The real tragedy of the unnecessary war in Iraq may well turn out to be that it squandered the American people’s resolve to fight on the wrong enemy.
    One can only wonder how much better off we might be if we had supported Saddam in a proxy war against Iran and then executed a regime change.
    When you look at things deeply, it’s hard to find much to admire about either the objectives or methods of the Bush Administration. Witness the failure of the Orange Revolution in the Ukraine as still another failure. Both Nixon and Reagan were so much more accomplished – especially in foreign affairs.

  • Bungo says:

    I find this subject of how the U.S. should deal with dictators (beligerant or otherwise) quite interesting. If you think about it, the U.S. can’t “win” no matter what. If the U.S. is peceived as “propping up” a dictatorship they’re “bad” and if they overthrow a dictaorship militarily they will also be called “bad”. Think Panama and Iraq just to name two recent examples. You see what I’m saying? You can’t win with some people either way! And the use of the term “propping up” has become virtually undefinable. Is it as simple as recognizing their existance? Is it doing any international business with them? Is it having an Embassy there? You see what I’m saying? To some it’s merely the act of not doing anything against a Dictatorship that can eventually be spun as “propping up”.
    The truth is that there are many more “Dictatorships” in the world than there are Democracies. Is the U.S’ recognition of them in the context of the U.N. mean they approve of them? Does the fact that the U.S. does not immediately invade each of these nations and install a Democratic government in them mean that they’re “propping them up”. Of course not. That would be absurd. But there are some who will use this argument every chance they get.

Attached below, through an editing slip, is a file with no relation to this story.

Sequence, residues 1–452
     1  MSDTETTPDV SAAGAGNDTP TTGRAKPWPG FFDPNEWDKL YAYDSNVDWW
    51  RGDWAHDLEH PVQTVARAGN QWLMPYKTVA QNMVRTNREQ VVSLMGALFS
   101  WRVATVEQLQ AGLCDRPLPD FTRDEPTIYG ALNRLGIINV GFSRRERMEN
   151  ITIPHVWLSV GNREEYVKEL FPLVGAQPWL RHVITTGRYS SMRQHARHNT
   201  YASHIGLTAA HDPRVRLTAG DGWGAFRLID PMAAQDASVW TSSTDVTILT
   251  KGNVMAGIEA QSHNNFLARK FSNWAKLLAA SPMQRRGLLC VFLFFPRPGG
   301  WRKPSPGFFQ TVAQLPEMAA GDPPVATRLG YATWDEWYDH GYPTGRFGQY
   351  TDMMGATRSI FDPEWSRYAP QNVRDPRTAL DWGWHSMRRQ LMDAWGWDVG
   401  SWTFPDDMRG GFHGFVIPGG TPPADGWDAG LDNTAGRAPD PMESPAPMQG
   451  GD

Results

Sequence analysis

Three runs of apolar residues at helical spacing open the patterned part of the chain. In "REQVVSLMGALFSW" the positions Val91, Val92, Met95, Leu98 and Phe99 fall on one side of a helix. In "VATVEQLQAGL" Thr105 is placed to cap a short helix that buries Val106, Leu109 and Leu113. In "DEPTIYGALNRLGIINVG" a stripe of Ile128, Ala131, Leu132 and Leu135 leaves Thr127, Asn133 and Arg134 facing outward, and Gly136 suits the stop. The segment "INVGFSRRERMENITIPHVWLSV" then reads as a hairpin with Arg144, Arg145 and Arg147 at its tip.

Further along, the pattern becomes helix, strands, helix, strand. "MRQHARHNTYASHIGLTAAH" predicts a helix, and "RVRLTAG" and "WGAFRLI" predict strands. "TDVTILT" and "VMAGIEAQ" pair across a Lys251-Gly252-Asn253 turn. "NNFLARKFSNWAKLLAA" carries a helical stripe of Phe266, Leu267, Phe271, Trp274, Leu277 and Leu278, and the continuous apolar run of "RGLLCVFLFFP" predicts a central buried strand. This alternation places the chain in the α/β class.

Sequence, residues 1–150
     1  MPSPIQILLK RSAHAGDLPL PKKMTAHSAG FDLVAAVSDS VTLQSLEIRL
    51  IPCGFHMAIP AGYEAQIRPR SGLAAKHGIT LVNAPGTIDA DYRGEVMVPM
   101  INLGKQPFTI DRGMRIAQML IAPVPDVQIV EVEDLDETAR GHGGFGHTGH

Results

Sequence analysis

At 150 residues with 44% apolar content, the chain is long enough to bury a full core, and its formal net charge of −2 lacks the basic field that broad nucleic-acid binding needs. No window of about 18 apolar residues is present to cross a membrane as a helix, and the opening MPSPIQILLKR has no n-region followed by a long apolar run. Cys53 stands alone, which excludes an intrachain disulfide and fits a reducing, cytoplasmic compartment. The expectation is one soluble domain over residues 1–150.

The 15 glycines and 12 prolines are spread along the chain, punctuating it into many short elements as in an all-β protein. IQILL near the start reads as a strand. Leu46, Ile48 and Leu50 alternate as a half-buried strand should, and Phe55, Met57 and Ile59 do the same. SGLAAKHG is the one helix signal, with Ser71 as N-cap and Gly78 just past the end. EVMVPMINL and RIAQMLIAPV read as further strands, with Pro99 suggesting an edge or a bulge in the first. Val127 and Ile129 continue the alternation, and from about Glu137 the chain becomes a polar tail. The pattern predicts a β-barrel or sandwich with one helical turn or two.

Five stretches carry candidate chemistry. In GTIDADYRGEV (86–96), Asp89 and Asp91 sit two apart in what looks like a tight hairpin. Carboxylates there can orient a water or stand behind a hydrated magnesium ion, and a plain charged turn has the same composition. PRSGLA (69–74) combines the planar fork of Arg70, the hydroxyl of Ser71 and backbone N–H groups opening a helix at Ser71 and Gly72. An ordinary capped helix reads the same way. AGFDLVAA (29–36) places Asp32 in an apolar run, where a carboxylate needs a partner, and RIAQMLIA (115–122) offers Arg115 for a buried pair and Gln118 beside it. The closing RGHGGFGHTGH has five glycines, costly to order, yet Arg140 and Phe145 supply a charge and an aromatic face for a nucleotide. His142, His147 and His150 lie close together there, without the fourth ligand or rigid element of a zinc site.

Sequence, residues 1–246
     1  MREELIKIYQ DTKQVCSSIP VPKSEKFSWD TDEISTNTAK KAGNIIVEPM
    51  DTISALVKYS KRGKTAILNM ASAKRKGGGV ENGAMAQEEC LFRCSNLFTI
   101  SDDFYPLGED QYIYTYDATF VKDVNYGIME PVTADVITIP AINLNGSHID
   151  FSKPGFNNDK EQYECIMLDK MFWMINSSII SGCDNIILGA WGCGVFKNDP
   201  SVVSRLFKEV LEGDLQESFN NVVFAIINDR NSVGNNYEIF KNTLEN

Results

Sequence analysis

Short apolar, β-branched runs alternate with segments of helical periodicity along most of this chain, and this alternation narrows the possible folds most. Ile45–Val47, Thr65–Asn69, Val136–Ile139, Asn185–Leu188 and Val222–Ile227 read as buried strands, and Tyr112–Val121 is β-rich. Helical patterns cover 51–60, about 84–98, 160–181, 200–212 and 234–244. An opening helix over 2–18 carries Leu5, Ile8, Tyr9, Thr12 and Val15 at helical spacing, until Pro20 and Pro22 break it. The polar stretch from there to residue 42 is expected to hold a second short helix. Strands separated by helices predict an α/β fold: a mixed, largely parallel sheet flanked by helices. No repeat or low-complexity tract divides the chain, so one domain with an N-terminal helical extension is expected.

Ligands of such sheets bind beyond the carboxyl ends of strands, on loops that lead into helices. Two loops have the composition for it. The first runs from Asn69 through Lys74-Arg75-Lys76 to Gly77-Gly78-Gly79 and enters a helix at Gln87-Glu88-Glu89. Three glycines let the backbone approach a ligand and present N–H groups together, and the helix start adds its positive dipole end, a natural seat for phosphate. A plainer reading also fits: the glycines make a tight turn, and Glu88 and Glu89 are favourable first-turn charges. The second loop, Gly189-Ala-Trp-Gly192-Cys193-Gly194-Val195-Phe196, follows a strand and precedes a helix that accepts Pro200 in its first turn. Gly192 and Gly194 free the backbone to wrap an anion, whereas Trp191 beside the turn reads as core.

The other thing that get’s in my craw is the thought that negotiation with any intrenched Dictatorship can somehow achieve anything substantial or tangible. For the life of me I can’t think of one example. It’s just not going to happen. It is EXTREMELY difficult to produce any change to an intrenched, totalitarian Dictaorship without the use of force. Change will ONLY come from a revolution or an invasion. When the Allies were at war with Germany the Dictatorship held until the Russians were about a half mile from Hitler’s bunker. How’s that for hard-headedness. You could say the same thing for Panama or Iraq.
    Negotiating with Iran or North Korea will produce NO sgnificant change. You can take that to the bank. None of these regimes (including China, Syria etc.) will EVER relinquish ANY of their totalitarian control (or the pusuit of nuclear weapons) without a revolution or a complete military defeat.

  • KnightHawk says:

    “You can’t win with some people either way!”

    So the US should stop trying and stop apologizing.

  • Ghost says:

    How was the neo-con perception of the Iranian government “proved correct?” That statement implies that there was a group that disagreed with the neo-con assertion, when in fact, that isn’t true. Did any group ever say “the neo-cons are wrong, the Iranian government is friendly or innocent?” or anything to that effect? That’s hardly the case. The author either confuses disagreement over tactics with strategic concepts.


Islamic state



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Boko Haram